Official counts of homicides by police seriously undercount incidents, according to a study from Harvard T.H. Chan School of Public Health, but a relatively new national data system, currently in use in 32 states, could be a crucial tool for gathering more comprehensive information, say the researchers.
The study, which will be published online March 17, 2016 in the American Journal of Public Health, found that the U.S. Centers for Disease Control and Prevention's National Violent Death Reporting System (NVDRS) provided more complete and accurate data on police homicides compared with two other national data systems.
"The U.S. is trying to get a handle on police homicides, but how do we learn which policies best prevent these deaths and protect police if we can't even get an accurate count of them?" said Catherine Barber of the Harvard Injury Control Research Center (HICRC) at Harvard Chan School. "The NVDRS could be the best solution to this vexing problem."
Counts of homicides by police are currently tracked by two official national data sources: the CDC's National Vital Statistics System and Supplementary Homicide Reports (SHRs) from the FBI's Uniform Crime Reports System. But these data sources each rely on a single source -- death certificates for the CDC's system and voluntary police reporting for the FBI's system -- and the study suggests that each undercounts police homicides by as much as half. In addition, the extent of undercounting varies greatly by state, making comparisons among states and municipalities unreliable.
Given the limitations of these data sources, the researchers looked at whether the NVDRS could be a better alternative. A relatively new data system created in 2003, the NVDRS pools information on all violent deaths from participating states. It includes detailed coded data from multiple sources -- from death certificates, police reports, coroner or medical examiner records, and crime labs. It also includes short abstracts that describe the circumstances of each incident.
Although 32 states currently use the NVDRS, its use hasn't expanded further because of limited federal funding -- which states must apply for in order to implement the system.
For the study, the researchers established standard definitions as to what constitutes a homicide by law enforcement, and compared counts of these homicides derived from NVDRS data against counts from other official sources. For the period 2005-2012, looking at the 16 states using the NVDRS at the time, the researchers identified 1,552 law enforcement homicides. They found that the NVDRS had identified 1,421 of these homicides -- 92% of the total -- and about twice the number of those identified in SHR data and 71% more than those identified in Vital Statistics.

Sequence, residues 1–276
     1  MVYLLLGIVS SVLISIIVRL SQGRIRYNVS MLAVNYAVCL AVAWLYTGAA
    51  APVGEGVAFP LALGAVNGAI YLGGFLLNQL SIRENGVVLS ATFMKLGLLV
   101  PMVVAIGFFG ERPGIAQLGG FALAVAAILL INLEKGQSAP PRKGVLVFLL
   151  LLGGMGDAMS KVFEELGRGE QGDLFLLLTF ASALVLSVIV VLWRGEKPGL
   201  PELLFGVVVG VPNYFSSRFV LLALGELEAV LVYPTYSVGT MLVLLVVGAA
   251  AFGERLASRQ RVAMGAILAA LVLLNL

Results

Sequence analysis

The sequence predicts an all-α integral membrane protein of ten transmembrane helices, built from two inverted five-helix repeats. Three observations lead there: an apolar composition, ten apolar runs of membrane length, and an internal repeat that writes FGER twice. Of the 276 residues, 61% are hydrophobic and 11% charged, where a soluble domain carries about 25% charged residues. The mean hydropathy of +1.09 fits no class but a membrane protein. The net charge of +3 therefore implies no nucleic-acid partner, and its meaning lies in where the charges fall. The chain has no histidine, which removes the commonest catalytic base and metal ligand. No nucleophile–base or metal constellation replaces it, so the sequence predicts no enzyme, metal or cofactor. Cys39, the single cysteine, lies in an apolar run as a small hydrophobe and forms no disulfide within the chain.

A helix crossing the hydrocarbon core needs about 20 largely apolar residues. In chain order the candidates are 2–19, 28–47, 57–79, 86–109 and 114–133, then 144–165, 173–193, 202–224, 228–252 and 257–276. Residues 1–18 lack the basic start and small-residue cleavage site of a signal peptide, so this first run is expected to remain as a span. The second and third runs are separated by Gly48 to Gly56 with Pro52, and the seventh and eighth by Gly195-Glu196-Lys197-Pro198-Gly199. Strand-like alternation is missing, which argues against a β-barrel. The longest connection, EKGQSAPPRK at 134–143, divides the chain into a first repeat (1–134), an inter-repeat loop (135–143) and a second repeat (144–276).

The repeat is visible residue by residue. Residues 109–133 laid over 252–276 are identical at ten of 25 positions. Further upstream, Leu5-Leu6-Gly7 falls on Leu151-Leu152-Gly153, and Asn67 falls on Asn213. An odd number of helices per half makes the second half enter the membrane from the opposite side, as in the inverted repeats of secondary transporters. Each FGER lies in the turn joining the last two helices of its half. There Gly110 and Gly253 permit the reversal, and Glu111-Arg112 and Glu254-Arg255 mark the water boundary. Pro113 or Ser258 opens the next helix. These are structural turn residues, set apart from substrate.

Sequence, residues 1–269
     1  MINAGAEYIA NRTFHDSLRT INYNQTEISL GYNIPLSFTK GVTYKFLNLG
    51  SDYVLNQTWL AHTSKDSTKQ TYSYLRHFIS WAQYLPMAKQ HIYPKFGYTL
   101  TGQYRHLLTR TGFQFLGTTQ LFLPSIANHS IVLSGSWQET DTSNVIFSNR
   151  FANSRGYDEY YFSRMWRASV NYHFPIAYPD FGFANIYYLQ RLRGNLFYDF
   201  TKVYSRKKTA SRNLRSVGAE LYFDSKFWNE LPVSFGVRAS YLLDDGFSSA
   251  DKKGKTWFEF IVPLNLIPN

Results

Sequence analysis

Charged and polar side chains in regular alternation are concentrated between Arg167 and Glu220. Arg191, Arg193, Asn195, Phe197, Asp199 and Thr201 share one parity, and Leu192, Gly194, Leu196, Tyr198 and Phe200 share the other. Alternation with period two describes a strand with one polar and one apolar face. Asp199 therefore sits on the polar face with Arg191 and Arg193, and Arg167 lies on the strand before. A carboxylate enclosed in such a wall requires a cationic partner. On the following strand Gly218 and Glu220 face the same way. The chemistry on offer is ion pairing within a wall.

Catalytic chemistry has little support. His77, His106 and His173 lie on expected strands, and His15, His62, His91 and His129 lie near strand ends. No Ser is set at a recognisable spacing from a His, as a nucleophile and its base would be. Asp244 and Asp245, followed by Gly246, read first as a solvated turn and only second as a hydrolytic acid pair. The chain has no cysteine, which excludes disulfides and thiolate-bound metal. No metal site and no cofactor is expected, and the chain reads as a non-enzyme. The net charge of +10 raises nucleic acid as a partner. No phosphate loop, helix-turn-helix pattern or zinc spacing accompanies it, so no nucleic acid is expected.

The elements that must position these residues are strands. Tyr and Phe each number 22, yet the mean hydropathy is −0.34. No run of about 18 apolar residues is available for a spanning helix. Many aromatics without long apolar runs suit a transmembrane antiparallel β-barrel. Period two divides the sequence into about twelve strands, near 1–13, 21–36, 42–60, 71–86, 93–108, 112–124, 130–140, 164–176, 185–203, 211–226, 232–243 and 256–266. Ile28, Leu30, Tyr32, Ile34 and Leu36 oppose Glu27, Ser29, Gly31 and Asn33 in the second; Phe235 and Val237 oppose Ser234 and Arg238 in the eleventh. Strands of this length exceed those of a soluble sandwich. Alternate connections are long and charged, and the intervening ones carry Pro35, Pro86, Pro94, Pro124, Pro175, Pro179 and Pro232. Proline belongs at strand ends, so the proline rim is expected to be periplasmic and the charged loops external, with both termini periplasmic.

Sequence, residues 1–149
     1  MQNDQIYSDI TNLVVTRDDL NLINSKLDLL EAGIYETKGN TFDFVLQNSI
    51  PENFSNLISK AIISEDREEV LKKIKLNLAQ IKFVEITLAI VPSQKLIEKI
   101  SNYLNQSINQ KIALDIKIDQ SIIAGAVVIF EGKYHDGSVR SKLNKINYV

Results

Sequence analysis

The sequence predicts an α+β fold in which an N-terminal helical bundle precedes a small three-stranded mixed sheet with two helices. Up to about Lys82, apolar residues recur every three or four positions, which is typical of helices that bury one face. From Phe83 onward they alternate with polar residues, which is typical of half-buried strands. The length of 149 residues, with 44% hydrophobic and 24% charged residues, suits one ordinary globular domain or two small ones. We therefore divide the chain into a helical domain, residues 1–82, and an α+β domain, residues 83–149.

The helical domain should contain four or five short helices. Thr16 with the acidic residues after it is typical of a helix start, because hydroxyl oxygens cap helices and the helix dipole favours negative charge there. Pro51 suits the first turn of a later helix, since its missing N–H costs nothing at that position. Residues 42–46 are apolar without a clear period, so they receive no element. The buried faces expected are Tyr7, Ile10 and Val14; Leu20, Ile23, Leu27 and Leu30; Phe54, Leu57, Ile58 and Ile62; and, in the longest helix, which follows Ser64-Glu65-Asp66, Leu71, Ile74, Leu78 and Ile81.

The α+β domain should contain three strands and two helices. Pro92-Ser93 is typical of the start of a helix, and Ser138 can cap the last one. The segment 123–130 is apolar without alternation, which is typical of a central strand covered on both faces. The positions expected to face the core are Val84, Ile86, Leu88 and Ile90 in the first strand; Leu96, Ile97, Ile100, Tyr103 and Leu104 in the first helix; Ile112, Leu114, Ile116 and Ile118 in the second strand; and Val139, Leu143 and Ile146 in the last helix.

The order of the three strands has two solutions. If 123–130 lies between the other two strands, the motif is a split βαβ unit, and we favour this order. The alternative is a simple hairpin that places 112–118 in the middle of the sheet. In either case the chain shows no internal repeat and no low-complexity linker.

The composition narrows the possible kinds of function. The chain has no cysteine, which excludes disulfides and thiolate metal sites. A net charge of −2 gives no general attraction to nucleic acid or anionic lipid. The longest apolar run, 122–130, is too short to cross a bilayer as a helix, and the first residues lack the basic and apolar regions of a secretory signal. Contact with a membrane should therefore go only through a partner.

The results showed that the average annual rate of these homicides did not increase over the eight-year period. A key finding was that homicides varied by race and ethnicity and by state. Blacks were nearly three times as likely to be killed in a police homicide as whites. Compared with Massachusetts, which had the lowest rate of such homicides, Alaska's rate was nearly five times higher and New Mexico's nearly six times higher.
Extrapolating from the rate of legal intervention deaths found in the 16 NVDRS states, the authors estimated that at least 731 people were killed by law enforcement officers each year in the U.S. during the study period.
"Expanding the NVDRS to a 50-state system -- as President Obama's budget calls for -- and implementing a couple of technical fixes that we identify will supply the nation not only with a more accurate count of these deaths but detailed data on the people, places, weapons, and circumstances involved," said senior author of the study, David Hemenway, professor of health policy at Harvard Chan School.
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